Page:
Written reports on use of force incidents are critically important because it's an officer's official version of what happened during the incident, and it may be used in court. A report is an officer’s official version of what happened during an incident, and it is the key document that may be used in court to explain and (hopefully) justify all aspects of an incident in which force was applied — approach considerations, intervention options used, and follow-through considerations.
Reports must be thorough and comprehensive, including information on all details of an incident. After all, an officer may be on a witness stand years after an incident occurred, and must depend on a written report to prompt his or her memory about what happened a long time ago.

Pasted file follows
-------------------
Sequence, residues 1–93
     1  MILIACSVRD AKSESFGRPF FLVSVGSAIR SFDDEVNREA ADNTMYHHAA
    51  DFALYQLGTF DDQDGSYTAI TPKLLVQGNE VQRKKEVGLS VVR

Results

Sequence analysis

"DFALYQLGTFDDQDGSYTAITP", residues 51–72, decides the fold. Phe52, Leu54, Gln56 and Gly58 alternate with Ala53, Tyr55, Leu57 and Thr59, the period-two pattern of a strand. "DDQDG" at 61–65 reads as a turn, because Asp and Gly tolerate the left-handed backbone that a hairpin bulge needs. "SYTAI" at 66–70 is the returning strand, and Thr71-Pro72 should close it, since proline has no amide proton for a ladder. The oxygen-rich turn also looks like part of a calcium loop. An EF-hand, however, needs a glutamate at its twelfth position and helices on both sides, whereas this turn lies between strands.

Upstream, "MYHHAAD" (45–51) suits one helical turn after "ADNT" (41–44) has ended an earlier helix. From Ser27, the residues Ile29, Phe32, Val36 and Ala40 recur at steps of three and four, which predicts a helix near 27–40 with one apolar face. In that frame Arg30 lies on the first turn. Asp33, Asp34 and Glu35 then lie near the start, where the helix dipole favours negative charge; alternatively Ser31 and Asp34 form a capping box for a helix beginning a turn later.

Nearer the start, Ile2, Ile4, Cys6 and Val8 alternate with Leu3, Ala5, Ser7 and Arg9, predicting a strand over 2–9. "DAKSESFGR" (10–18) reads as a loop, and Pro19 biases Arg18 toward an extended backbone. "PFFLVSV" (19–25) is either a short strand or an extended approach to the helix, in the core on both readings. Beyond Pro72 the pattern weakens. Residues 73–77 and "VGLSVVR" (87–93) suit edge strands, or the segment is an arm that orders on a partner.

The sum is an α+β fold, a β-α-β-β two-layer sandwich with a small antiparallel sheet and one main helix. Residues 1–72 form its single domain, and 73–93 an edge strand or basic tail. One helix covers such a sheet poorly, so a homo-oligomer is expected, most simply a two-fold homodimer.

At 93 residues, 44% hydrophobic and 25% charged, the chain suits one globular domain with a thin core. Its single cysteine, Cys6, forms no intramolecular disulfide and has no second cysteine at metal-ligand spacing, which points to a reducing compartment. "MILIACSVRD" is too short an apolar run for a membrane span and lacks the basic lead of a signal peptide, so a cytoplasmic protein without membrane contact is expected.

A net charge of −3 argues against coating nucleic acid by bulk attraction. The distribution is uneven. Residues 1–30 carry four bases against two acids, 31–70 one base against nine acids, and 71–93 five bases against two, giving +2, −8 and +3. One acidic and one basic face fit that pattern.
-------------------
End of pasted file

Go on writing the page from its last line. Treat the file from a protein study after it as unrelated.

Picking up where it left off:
Use of force reports are not separate from policy and training considerations. A good use of force policy should require that incident reports must be prepared and submitted according to specific guidelines and time frames. Also, the policy should indicate what is to be documented in a report. Staff members must be thoroughly trained on that policy requirement, and trained to write good reports.
Review of Use of Force Incidents / Implementation of Changes
A key element of liability risk management is routine supervisory review of all use of force incidents. Policy should specify who has responsibility for such review, and when reviews are to be done. A key purpose for such review is to determine whether or not use of force was in compliance with department policy and training.